Since Fer and I were in different “cohorts” (the class was split into two classrooms to adhere to social distancing guidelines) we only saw each other during breaks, but we quickly connected via text. I had recently decided to try communicating more with friends via voice message texts, to feel more connected at a time of lots of disconnect, and Fer quickly bought into the idea—most of our initial conversation was actually not in person, but through voice messages. I loved hearing about Fer’s interest in space, which he is considering exploring more through an IDM (independently designed major) in Astrobiology.
In class, I found myself intrigued by another peer, this time someone in my cohort: Vanessa Klaers. Every day, Vanessa zoomed into the room via razor scooter. During class, Vanessa was quick to pause Paul’s lecture with a burst of questions, questions that I myself had been wondering but was too shy to ask. Oceanography was my first STEM class on the Block Plan, and I brought little foundational math and science knowledge with me—I was excited to learn about topics I had never before considered, but I was scared that I knew so much less than my peers. I didn’t want my peers to think I was stupid. Every time Vanessa raised her hand or shouted out a question, I was filled with relief. I wanted to be as unapologetic about my learning as she was.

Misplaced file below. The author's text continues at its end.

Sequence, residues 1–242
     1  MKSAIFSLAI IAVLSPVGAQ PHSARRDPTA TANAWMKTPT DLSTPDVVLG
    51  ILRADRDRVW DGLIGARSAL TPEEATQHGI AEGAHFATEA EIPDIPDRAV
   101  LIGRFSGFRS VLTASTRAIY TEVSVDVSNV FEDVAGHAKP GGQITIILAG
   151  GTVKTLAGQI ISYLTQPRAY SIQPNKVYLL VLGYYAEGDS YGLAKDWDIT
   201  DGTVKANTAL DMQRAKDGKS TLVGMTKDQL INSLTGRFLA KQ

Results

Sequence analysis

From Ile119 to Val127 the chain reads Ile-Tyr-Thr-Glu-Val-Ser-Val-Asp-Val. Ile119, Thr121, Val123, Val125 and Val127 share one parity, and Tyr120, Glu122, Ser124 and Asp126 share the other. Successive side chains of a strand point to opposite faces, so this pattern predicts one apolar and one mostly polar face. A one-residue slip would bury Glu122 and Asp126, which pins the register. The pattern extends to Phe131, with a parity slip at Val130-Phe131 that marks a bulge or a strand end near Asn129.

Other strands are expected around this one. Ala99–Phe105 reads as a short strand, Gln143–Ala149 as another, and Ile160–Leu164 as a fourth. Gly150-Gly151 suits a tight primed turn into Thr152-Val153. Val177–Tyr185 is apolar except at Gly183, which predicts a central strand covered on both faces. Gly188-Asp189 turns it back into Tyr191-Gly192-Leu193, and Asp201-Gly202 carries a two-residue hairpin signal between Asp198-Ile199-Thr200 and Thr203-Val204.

During first week, I also realized that I actually did know one person in my class: Ronan McCann! We had been in the same FYP in the fall, Dr. Sanchez’s The Empire Strikes Back: From Anti-Colonial Conflicts to Star Wars and Dr. Evitt’s Monsters and the Apocalypse. We hadn’t talked much back then—it is hard to connect with peers in completely online courses—but after meeting in person we quickly added each other to our contacts. Later that week, we got together to study in person for our first exam.